SOME of the most complex reconstructive surgeries can no longer be performed at Worcestershire Royal Hospital (WRH), but it is not down to the death of Maureen Robson, a trust chief has said.

Dr Graham James, deputy chief medical officer for Worcestershire Acute Hospitals Trust, said head and neck cancer surgeries of the highest complexities are now being transferred to hospitals in Birmingham and Coventry.

He said this is down to a staffing problem, but was not directly linked to Mrs Robson, 77, who died in November 2017 in the Intensive Care Unit at Worcester, after mouth cancer surgery.

“This death happened 18 months ago, and we have only just ceased doing over complex surgery,” said Dr James, also a lead consultant for oral and maxillofacial surgery.

“We don’t have the proper medical team to be confident we can look after the complex needs of those patients regarding surgical and medical aftercare.

“We are putting in measures so we can carry on with slightly less complex procedures and provide the support necessary,” he added.

The inquest into Mrs Robson’s death, which concluded on Thursday (March 1), found the pensioner and former publican from Studley, “died as a result of a known albeit rare complication following necessary surgery”.

She was fitted with a tracheostomy tube to ensure a reliable airway was retained before and after mouth cancer surgery at WRH.

However, having been transferred to the Intensive Care Unit following the surgery, she began having breathing problems before going into cardiac arrest and dying.

Dr James said the changes will result in around 10-12 patients a year being moved to bigger tertiary centres which have greater numbers of senior consultants.

“It’s because we are one consultant down, which reflects a national difficulty in recruiting at this level,” he continued.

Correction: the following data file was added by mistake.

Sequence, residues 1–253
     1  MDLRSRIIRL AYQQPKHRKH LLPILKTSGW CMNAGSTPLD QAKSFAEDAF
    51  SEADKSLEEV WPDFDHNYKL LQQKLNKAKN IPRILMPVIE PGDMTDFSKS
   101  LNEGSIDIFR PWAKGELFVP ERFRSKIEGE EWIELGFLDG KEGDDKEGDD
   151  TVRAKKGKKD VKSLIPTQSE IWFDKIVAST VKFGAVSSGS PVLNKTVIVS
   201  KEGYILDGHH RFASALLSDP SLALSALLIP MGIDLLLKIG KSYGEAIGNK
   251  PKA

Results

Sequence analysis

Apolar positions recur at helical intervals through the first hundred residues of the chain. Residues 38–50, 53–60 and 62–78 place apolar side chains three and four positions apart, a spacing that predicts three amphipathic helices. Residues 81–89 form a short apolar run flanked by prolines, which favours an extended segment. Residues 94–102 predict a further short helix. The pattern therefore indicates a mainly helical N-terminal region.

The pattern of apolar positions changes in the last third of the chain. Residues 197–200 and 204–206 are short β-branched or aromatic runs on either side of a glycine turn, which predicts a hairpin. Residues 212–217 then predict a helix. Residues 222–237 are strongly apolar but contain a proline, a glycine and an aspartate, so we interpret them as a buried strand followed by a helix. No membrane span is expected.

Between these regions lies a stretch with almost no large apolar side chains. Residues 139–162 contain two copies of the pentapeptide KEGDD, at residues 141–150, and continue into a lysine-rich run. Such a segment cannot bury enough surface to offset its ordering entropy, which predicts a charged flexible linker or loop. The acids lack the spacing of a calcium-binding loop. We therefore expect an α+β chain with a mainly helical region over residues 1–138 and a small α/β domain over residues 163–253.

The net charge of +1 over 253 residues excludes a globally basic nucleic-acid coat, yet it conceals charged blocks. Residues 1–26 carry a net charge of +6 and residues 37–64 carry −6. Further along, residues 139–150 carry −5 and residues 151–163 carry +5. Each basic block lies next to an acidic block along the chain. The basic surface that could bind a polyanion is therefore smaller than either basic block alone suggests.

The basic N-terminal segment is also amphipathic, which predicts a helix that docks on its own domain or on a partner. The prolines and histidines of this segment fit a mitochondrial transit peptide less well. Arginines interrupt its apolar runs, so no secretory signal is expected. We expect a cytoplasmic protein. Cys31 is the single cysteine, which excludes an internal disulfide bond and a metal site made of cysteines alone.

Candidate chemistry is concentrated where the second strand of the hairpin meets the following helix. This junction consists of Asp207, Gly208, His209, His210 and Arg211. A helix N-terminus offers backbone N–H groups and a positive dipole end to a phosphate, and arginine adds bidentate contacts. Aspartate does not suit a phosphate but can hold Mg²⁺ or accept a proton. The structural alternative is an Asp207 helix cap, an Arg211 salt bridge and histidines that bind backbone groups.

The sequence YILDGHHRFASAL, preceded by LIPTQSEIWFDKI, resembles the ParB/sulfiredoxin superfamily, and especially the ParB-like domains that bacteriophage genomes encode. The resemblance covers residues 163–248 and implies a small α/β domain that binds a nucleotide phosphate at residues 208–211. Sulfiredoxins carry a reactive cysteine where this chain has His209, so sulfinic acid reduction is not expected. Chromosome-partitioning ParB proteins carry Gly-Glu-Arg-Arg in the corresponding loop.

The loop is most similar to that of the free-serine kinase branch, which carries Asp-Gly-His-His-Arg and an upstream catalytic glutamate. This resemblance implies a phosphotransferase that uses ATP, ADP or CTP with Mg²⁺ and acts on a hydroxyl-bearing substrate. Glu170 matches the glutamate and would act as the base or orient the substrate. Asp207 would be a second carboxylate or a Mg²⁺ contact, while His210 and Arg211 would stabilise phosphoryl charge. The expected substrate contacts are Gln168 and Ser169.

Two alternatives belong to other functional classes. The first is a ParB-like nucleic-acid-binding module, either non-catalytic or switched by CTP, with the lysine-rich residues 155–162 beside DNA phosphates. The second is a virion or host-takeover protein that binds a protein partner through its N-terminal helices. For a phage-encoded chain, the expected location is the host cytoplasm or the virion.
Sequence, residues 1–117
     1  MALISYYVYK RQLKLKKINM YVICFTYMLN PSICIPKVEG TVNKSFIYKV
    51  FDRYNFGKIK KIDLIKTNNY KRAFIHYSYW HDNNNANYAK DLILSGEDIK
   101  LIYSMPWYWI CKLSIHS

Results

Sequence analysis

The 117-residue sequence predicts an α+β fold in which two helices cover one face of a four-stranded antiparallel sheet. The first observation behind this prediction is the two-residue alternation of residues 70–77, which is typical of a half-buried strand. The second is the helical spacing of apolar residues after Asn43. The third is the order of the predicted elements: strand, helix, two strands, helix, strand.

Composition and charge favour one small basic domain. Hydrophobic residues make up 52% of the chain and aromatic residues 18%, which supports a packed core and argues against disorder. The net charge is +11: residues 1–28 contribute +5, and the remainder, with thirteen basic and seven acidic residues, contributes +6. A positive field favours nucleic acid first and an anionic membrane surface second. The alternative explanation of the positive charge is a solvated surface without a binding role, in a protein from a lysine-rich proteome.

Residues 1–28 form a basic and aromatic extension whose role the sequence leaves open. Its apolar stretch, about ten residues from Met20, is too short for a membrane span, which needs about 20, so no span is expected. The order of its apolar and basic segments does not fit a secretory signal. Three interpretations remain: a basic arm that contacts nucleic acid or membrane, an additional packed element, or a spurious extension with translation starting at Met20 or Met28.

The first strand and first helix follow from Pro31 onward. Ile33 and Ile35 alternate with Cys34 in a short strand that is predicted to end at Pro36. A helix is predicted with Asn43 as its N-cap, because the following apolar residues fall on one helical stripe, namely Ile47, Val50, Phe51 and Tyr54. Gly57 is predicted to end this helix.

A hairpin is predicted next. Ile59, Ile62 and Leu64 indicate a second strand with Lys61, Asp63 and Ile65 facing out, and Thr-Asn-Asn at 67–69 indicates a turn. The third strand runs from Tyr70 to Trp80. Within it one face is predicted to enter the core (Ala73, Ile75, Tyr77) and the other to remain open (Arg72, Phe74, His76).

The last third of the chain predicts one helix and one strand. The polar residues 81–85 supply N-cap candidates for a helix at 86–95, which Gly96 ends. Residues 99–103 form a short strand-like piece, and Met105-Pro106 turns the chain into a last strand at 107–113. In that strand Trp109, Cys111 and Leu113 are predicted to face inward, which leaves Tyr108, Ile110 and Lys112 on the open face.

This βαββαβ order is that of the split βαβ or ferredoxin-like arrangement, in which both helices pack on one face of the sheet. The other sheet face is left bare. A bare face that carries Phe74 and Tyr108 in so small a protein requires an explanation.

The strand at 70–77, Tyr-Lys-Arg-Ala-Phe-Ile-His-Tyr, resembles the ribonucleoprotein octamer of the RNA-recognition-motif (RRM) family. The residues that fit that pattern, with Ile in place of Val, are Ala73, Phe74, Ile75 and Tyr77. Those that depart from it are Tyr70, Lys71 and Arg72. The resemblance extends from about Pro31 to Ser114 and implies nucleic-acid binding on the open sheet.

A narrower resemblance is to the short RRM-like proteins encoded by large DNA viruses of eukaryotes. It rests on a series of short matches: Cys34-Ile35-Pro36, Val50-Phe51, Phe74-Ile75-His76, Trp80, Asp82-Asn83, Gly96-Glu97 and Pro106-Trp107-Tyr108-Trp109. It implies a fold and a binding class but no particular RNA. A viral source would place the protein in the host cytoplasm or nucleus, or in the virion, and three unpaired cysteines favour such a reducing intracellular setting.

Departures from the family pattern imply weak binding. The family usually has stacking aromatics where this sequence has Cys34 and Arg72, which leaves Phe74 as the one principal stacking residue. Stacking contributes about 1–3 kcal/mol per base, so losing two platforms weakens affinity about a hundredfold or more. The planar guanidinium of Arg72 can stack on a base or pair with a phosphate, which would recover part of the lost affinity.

“We have just not had as many through from the training programme. General doctors coming through are just less experienced.”

Dr James said a consultant left last August and the team got to the point where they couldn’t offer the sufficient support anymore.

“There’s always something that tips the balance,” he continued. “We have been unable to recruit, and we had to make that decision.

“We reached the stage where we couldn’t accommodate the most complex cases.”

He went on to say: “We are acting in the best interests of the patients to keep everyone safe.”

He said only one patient has had their surgery cancelled at the last minute following the changes which have come in in the last couple of weeks.

Dr James was keen to emphasise that he and his team “will be able to continue with the majority of cases”.

Last month, we reported that Tony Teale, 63, was due to have an operation at WRH in relation to his oral cancer, but it was cancelled just three days before on January 25.

A trust spokeman said: “We would like to express our condolences to the family of Mrs Robson for their loss.”

“We recognise the coroner concluded that Mrs Robson died as result of a known consequence of a necessary surgical procedure and was satisfied that there were no issues relating to her care at WRH.

"All surgery carries an element of risk and while we make every effort to protect our patients, sometimes complications arise during or after surgery and sadly some of these result in the patient’s death.”